indicate that the conviction rate for domestic abuse prosecutions has reached the highest ever level, with 74.6% of those prosecuted for domestic violence in 2013-2014 convicted. Domestic violence now makes up more than ten per cent of Crown Prosecution Service's total casework.
Protection from Harassment Act 1997
As the remedies available under Part IV Family Law Act 1996 are more comprehensive, in the majority of cases applications for injunctions to protect the victims of domestic abuse are made under that act. However, injunctions are also available under the Protection from Harassment Act 1997, which is particularly useful where the victim does not fall within the category of person defined as an “associated person” under s 62(3) Family Law Act 1996.
The Forced Marriage (Civil Protection) Act 2007 inserted a new Part 4A into the Family Law Act 1996 (‘FLA 1996') by adding sections 63A – 63S. This enabled the courts to issue orders to prevent forced marriage. Sections 120 and 121 of the Anti-social Behaviour, Crime and Policing Act 2014 came into force on 16 June 2014 and create two new criminal offences; the offence of breaching a forced marriage protection order (s 120) and the offence of forced marriage in England and Wales (s 121). Forcing someone to marry can result in a sentence of up to 7 years in prison and disobeying a FMPO can result in a sentence of up to 5 years in prison.
It is intended that as the civil remedy of obtaining a FMPO under the FLA 1996 continues to be available, the victim can choose whether they wish to seek protection under this or under the new criminal offence.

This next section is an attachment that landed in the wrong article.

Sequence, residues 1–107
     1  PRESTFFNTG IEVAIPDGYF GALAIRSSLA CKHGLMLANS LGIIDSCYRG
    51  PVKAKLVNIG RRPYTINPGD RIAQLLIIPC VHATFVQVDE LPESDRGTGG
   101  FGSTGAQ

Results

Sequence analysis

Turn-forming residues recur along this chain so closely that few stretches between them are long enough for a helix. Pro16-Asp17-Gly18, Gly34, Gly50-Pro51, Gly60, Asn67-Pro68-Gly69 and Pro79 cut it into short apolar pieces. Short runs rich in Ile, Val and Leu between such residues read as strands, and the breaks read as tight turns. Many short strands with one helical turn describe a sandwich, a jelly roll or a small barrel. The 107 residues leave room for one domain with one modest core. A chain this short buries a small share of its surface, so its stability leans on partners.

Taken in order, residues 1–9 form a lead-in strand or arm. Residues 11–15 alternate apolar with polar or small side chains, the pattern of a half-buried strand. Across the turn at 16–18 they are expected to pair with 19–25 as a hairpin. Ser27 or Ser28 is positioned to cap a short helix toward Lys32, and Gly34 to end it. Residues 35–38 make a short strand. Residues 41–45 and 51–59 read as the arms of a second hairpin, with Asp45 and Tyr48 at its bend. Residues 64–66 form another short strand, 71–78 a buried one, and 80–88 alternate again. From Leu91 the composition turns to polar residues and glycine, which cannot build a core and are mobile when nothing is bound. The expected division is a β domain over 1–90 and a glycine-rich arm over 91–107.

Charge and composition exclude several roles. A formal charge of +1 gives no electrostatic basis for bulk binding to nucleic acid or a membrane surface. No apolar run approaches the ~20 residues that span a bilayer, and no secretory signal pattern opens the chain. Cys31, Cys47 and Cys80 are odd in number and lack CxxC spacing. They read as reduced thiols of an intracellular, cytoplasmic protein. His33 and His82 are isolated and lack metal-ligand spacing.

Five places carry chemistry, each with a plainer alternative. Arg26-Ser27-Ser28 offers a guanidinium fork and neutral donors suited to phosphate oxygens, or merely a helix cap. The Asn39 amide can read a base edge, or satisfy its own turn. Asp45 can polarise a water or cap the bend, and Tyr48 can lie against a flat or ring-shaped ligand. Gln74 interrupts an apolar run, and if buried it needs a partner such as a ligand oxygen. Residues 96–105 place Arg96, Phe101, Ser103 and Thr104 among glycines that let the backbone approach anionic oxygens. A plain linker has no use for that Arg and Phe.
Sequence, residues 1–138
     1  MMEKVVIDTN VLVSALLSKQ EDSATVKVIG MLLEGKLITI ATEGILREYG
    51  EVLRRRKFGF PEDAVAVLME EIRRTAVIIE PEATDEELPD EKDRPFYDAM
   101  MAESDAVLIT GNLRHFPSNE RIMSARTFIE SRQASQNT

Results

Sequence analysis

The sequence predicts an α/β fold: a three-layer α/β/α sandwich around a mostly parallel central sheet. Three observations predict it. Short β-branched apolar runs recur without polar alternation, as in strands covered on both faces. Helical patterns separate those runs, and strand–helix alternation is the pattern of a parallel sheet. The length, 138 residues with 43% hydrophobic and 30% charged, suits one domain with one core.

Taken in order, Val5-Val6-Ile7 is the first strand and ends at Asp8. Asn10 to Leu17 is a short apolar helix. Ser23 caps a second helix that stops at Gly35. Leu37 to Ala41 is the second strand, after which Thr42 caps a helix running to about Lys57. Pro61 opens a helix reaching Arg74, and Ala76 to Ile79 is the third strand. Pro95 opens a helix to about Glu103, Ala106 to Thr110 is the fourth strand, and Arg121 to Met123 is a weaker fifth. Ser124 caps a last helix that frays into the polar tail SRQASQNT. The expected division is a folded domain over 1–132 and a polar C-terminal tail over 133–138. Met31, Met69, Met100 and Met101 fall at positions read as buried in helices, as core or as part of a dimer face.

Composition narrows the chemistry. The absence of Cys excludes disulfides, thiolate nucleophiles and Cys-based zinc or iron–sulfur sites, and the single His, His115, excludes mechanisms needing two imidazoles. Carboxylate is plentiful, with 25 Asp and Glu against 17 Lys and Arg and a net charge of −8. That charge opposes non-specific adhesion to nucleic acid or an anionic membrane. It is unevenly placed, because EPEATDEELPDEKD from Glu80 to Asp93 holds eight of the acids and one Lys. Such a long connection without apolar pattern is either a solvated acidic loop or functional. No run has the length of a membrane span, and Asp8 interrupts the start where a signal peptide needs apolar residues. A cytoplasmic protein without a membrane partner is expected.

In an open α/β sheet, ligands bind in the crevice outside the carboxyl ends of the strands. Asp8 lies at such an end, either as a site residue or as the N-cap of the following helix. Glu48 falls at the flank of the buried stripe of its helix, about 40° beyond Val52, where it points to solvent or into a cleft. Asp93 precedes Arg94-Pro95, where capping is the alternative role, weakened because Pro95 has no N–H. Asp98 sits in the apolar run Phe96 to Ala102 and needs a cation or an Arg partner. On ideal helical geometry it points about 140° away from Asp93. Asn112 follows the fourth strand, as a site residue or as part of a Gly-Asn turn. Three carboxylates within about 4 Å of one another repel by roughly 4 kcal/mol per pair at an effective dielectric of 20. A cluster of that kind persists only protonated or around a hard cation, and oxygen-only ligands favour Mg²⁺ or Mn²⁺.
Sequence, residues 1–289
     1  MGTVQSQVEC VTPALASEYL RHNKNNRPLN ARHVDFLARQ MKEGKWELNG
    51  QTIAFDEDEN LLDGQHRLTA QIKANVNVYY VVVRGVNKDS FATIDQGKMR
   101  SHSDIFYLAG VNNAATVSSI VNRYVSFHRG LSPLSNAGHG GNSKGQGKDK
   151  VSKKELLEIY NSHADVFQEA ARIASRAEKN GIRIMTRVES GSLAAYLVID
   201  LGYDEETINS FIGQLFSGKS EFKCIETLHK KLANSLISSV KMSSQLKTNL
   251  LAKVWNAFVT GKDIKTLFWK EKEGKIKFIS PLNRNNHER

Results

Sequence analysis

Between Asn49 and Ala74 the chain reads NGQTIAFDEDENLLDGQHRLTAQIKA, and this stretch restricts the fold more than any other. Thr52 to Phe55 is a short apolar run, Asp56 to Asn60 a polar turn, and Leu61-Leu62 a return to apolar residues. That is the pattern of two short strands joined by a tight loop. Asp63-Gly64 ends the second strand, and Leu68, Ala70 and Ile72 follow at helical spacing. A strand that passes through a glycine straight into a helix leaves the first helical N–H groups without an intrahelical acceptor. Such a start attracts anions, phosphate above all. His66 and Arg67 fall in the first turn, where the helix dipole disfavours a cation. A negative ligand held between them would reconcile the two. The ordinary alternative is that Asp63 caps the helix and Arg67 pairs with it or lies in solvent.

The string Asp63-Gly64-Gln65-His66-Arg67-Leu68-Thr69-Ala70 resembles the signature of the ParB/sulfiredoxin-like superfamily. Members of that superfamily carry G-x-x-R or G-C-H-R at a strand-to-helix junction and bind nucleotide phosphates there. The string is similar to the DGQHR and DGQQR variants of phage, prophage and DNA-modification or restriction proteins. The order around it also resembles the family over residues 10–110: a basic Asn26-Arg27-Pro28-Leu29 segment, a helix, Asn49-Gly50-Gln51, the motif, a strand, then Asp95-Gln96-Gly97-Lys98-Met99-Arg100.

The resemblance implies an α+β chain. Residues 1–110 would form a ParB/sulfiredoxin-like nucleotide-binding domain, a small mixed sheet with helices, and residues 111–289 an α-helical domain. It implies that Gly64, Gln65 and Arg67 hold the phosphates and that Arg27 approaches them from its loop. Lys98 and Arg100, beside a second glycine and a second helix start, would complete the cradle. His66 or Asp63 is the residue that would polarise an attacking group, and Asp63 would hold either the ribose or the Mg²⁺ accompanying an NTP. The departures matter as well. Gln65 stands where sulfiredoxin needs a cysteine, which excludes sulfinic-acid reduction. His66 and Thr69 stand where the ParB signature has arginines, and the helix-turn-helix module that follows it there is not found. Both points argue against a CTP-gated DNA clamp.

As the introduction of these new criminal offences is still very recent, the effect in practice remains to be seen. Criticism has been made against the criminalisation on the basis that fear of sending a family member to prison may deter applicants. The same criticism has previously been levied against criminalisation of the breach of non-molestation orders. It is clear that victims in forced marriage cases are usually in exceptionally difficult circumstances and are faced with formidable pressure from their families, and case law has demonstrated that this can result in a situation where the FMPO was effectively unenforceable. In the case of Bedfordshire Police Constabulary v RU and Another  1 FLR 286 Holman J stated that “It is vital that FMPOs have real teeth and that people bound by them, or having notice of them, appreciate that they are capable of being enforced and will be enforced even though the applicant young person may not seek enforcement himself or herself”.
For practitioners who are faced with cases concerning domestic abuse and/or forced marriage, our new Practice Plus
module: Domestic Abuse and Forced Marriage deals with applications for non-molestation orders, occupation orders, forced marriage protection orders and claims under the Protection from Harassment Act 1997. Practice Notes provide practitioners with a practical step-by-step guide to the law and procedure; a one-stop-shop for family lawyers which summarise all of the relevant legislation, rules and case law in a concise and user-friendly way, offering links to all required materials including court forms, precedents and expert commentary. They are authored and maintained by our in house PSLs. An interactive Flow Chart accompanies each Practice Note, providing a useful overview that can be printed on to one A4 page as an aide memoire.